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No Way Out 

Inmate Lonnie Morris is a role model, antiviolence program leader, and darling of the media. But will the parole board see past his crime?

Wednesday, Jan 27 2010

Page 2 of 4

Out on parole and probation, in the broad daylight of Aug. 4, 1977, Morris and his crime partner (whom we'll say more about later) burst into Robert Mussleman's jewelry store in San Pablo. They ordered him to the floor at gunpoint. "We've killed before and we'll kill again," they told him.

Mussleman did as he was instructed, and was bound with telephone wire. The commotion set off a burglar alarm connected to the San Pablo police station, which relayed the call to Wheeler's radio.

As Wheeler entered the store, and before he could even draw his gun, Morris stood up from behind the counter. Though Morris says he yelled "Freeze," Mussleman has no memory of that. Morris also says he didn't mean to shoot, but his gun went off anyway. A bullet struck Wheeler in the face, instantly sending him to the floor.

Uncertain of whether the cop was alive or dead, the two men fled the store, dashed across a parking lot, and disappeared into a nearby residential complex.

Close on Wheeler's heels, several police officers discovered him lying on the floor of the jewelry store and summoned an ambulance. He died at Richmond Hospital shortly after arrival, becoming the first and only member of the San Pablo Police Department to lose his life in the line of duty.

At that point, every police officer from the department (and several neighboring departments) was called to the scene. They cordoned off the block and received instructions to knock at every door and request permission to search. If the answer was yes, they were to conduct the search. If the answer was no, they were to conduct the search. Every building was turned upside down; three unoccupied houses were also checked.

After several hours, a police dog caught a scent from underneath a home, and Morris was flushed out from its crawl space. Police also found a .38-caliber revolver wrapped in a glove; Morris had the other glove in his pocket. The second man had escaped, and police still do not know his identity. That is Lonnie Morris' secret, one he has managed to keep for 32 years.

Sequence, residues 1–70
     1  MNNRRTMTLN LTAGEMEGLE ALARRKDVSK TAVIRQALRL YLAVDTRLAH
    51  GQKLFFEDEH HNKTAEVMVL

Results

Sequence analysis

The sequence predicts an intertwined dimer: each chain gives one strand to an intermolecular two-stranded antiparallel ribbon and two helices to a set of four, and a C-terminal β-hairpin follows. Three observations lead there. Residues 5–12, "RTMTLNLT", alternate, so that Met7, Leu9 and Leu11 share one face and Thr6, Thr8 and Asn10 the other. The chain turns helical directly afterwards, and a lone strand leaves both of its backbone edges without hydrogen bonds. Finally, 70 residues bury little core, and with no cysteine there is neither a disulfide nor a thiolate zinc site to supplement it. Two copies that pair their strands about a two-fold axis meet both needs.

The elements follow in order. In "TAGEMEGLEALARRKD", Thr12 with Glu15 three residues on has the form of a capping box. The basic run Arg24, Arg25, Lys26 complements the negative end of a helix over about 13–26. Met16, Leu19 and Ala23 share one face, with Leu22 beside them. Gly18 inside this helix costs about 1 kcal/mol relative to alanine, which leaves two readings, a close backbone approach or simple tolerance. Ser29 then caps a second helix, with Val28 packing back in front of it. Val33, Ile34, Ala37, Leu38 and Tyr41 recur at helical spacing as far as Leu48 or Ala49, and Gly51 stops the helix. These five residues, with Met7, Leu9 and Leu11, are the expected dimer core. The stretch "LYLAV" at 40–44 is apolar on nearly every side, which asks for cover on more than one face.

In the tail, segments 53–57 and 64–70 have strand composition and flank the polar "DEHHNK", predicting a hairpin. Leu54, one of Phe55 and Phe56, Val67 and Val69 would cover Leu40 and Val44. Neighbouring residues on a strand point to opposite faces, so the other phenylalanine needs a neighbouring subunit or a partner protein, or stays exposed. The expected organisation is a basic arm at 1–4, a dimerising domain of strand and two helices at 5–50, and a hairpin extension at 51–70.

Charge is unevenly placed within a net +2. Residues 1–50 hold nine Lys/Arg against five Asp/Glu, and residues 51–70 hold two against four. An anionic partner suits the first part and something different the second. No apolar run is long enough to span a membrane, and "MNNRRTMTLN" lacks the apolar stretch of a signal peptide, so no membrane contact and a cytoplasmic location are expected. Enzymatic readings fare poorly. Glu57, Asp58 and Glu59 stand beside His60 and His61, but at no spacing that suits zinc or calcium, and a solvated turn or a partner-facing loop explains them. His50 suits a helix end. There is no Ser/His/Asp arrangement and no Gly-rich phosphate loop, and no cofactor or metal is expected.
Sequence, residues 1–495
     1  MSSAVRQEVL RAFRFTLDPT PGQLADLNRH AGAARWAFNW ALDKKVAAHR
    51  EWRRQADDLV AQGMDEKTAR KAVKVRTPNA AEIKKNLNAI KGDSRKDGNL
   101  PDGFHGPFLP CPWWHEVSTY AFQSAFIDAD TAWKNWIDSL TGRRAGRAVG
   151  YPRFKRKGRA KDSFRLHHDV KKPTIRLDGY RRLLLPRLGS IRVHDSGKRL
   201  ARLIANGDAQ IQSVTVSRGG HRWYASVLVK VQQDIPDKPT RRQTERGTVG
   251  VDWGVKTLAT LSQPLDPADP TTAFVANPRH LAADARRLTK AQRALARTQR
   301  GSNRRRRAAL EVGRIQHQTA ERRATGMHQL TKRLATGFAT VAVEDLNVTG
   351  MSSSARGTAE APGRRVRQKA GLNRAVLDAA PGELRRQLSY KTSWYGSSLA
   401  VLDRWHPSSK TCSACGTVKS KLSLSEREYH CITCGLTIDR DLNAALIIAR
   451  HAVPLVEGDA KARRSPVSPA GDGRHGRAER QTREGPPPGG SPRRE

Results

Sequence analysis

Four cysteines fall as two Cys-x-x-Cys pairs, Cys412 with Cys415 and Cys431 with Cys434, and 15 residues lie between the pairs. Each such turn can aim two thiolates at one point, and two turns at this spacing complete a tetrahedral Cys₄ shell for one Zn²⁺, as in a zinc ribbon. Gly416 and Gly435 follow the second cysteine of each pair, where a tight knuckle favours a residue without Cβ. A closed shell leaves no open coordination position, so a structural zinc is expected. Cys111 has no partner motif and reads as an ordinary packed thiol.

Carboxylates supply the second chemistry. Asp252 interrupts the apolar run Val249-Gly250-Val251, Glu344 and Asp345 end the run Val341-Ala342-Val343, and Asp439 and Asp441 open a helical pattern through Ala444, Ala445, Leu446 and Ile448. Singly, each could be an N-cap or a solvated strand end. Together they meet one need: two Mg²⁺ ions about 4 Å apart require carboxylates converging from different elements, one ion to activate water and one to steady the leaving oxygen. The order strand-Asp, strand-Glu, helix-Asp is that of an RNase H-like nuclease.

Although revealing the man's name could be an important bargaining tool with the parole board, Morris says he will never give in. If he did, the man would likely face a murder charge and spend the rest of his life in prison.

Morris can't live with that. "That man had no idea what was going to happen," he said. "I take full responsibility for what I did."

In the San Quentin conference room, Morris removed his hat and jacket and lowered himself onto a torn seat cushion before Hollis Gillingham. She's a parole board commissioner known for her smoker's rasp and tough-love sensibility who used to work as a background investigator and probation officer.

"Okay. Hi there," she said brusquely.

If that was a cool reception, it was nothing compared to that from Wheeler's family members. Seated at the back of the room, his son Randall wore a scowl raw with hate, while the stony expression of his widow, June, betrayed no hint of compassion for the prisoner. That was nothing new.

The Wheelers have shown up to every parole hearing of Morris' over the past two decades to ask that he remain imprisoned. They did not agree to be interviewed, citing concern that a story about Morris might champion his cause, but they have suffered immeasurably, said San Pablo Police Chief Joseph Aita. The death was particularly hard on Wheeler's twin brother, who had continued working in the department. "I'm telling you, every time we saw Alan, it killed us," Aita said. "It was like we were looking at Bob."

As Gillingham reviewed the events of Aug. 4, 1977, and Morris' criminal history, the prisoner sank a little in his chair. Finally, she asked him the inevitable, loaded question. "So what made you so violent and antisocial?"

Morris knew that his reasoning would be picked apart for lack of insight, but what could he do? He began to talk about the death of his mother and the division of his family. "The real core of my violent behavior was based on anger and pain," he said. "No one had given me any understanding of why she died."

Gillingham probed Morris' relationship with his alcoholic father and learned that the boy had been beaten with switches and irons, but she seemed unimpressed. "Lots of kids lose their parents," she said. "Lots of kids get whupped. They don't end up violent with this total disregard for anybody else." Then she brought up the secret. "Was one of those brothers the one you perpetrated this robbery with?"

"No," Morris said.

"You've never given that person up, have you?"


"You've said you disavow the criminal code. Is that true?"


"How come I can't believe that?"

Morris wasn't expecting this kind of confrontation. "I don't know why you can't believe it," he said weakly. "If you look at my record in prison, I haven't been disciplined in over 22 years."

Morris' record is, in fact, nothing short of extraordinary.

When he entered San Quentin, he wasn't somebody who stood out much. He didn't often get into it with other prisoners. He didn't cause too much trouble. And, like almost everybody else, he claimed he was innocent. "I'm here for another man's beef that I didn't do," he'd say.

Then one day in 1981, Morris made a $10 bet with another prisoner that the Raiders would defeat the Eagles in the Super Bowl. The Raiders won, but the guy didn't want to pay, so instead he stabbed Morris in the chest.

"Two inches to the left, and that would have been it for me," Morris said.

About The Author

Ashley Harrell


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